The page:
The Press Newspaper
It was the summer of 1967, the night before Martin Luther King was to speak in Detroit. The inner city was on edge. But, that turmoil wasn’t our concern. We were in high school. We were more afraid of getting caught, of having to face our parents, our coaches and the law.
If that carry-out hadn’t sold to minors, we wouldn’t have partied that night. We didn’t know anyone over 21 who would buy alcohol for us and, while we knew 18-year-olds who could buy 3.2 beer we were looking for something more adventuresome.
That experience is the main reason why this new movement by some college presidents to lower the drinking age to 18 is a bad idea. More than half of all high school seniors turn 18 before they graduate. That’s just too much legal access to alcohol.
As you’ve probably read by now, more than 100 university presidents have signed the Amethyst Initiative, a proposal that suggests the legal drinking age of 21 has created “a culture of dangerous, clandestine binge drinking, often conducted off-campus.”
They contend they can’t teach responsible drinking to students who can’t legally drink, nor can they sponsor social gatherings where students can be exposed to their example of moderation. They suggest they could do this if college students could legally drink.
The logic escapes me. What college student wants to party responsibly with “old” people when they can get slobbered with friends?
Let’s face facts. For the young, alcohol is social lubricant. It frees inhibitions and facilitates interaction with the opposite sex. Besides, it’s fun to watch others stagger, lose coordination, slur words and act out of character.
Alcohol is also social glue. Party nights give the young shared experiences where idiocy is forgiven but not forgotten. Bonds are forged from friends helping a drunken idiot remember his or her outrageous behavior.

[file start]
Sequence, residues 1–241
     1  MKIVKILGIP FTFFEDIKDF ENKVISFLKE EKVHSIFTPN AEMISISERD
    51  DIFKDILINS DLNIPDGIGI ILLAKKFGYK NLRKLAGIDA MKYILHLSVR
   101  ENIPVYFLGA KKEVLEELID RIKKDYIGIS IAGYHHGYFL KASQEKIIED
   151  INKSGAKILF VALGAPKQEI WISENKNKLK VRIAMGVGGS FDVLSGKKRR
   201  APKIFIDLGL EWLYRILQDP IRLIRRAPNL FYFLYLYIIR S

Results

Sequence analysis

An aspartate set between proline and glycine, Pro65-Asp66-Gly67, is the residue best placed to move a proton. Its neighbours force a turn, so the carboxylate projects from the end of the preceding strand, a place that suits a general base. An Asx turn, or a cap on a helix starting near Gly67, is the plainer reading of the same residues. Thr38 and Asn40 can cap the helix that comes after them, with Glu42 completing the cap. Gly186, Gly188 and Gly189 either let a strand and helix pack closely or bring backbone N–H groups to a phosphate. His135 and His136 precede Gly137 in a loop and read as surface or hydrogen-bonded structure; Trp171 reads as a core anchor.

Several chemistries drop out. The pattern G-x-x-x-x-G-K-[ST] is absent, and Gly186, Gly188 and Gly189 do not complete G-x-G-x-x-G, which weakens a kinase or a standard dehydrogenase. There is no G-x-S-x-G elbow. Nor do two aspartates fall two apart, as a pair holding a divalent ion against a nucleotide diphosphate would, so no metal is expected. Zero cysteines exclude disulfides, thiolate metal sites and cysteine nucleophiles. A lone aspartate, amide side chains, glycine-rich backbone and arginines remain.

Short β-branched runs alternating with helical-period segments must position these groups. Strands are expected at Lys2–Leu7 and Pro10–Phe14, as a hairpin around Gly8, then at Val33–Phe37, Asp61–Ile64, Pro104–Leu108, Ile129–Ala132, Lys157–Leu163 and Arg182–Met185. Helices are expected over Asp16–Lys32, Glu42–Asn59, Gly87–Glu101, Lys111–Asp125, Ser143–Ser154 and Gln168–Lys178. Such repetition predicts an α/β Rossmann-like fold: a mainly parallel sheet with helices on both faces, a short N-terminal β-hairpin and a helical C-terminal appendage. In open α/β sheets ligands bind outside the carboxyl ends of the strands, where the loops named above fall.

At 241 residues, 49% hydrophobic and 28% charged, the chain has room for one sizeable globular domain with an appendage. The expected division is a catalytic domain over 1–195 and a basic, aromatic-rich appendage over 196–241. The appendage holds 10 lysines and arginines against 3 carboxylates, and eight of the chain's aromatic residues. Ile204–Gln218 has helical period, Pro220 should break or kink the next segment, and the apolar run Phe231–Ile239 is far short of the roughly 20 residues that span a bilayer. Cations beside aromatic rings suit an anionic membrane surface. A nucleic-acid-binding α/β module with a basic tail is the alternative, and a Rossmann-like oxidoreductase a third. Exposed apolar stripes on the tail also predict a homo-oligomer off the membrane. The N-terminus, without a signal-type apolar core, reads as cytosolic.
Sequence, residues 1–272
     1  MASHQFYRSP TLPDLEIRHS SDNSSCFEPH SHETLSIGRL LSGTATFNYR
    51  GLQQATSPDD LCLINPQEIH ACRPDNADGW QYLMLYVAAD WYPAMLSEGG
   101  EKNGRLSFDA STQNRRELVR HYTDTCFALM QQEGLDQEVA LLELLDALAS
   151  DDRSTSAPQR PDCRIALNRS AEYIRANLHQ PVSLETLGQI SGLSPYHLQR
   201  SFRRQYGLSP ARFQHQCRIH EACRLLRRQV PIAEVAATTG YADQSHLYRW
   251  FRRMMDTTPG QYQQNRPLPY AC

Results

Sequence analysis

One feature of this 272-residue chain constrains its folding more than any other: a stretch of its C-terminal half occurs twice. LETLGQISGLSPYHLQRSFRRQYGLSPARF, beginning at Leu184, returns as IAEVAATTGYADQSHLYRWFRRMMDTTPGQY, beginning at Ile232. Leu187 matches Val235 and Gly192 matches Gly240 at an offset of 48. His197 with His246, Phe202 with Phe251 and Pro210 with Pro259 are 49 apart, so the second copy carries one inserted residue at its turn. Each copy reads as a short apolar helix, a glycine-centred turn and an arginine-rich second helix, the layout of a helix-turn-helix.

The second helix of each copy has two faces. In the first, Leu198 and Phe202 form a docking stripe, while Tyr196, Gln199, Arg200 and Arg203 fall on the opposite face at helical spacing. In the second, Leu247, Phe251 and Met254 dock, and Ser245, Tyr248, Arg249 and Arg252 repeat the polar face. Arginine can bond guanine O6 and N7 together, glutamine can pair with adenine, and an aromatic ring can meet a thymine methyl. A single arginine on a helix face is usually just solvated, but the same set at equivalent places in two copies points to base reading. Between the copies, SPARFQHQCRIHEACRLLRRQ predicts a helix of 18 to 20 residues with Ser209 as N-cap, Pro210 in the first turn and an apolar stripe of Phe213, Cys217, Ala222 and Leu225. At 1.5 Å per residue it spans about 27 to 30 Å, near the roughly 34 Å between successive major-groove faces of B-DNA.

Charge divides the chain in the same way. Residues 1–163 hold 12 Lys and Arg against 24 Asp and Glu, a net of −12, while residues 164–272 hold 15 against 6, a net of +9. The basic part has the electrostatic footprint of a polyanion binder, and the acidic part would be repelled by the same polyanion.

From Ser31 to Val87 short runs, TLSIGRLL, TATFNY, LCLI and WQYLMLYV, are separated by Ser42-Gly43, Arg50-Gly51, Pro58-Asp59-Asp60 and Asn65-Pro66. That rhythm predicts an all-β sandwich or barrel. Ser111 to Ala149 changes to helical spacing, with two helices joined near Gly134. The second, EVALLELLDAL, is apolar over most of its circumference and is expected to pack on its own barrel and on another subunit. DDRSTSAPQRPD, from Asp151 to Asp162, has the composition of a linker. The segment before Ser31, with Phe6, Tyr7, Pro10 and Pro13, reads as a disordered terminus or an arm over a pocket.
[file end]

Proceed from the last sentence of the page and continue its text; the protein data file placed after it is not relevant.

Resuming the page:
While mature adults have sufficient poise and ego to interact socially with no or moderate use of alcohol, it is an acquired skill, one honed from experience with “binge drinking.”
That’s right, binge drinking. I know what you’re thinking. Binge drinking means duct-taping your mouth to a funnel while someone pours beer down your throat until you stagger into a corner, puke and pass out. But, you would be wrong. According to the National Institute of Alcohol Abuse and Alcoholism, binge drinking is defined as reaching a blood alcohol concentration of at least 0.08 grams percent, the legal DUI definition. Generally, that means five or more drinks in two hours for men and four or more for women.
Back when I was in college that was the definition of “drinking.”
The young drink to reduce stress, relax, fit in with peers, and feel good. The lure of sharing these experiences with friends is so intoxicating that lowering the legal age to 18 will just create the same problems in high school that we have in college. And, fun aside, these problems are serious. According to MADD, since the 1980s when the minimum 21 drinking age was set, the number of young people killed annually in crashes involving drunk drivers under 21 has been cut in half, from more than 5,000 to nearly 2,000.
I don’t have a clue how to stop college students from getting drunk. These are adults, not legally answerable to parents. We can only arm them with information and example. The rest they’ll have to figure out on their own. We can only hope they make small mistakes and not endanger themselves or others.
But, to make it legal for more than half the high school senior class to purchase alcohol at age 18 would create a nightmare for students, parents, teachers, administrators and police.
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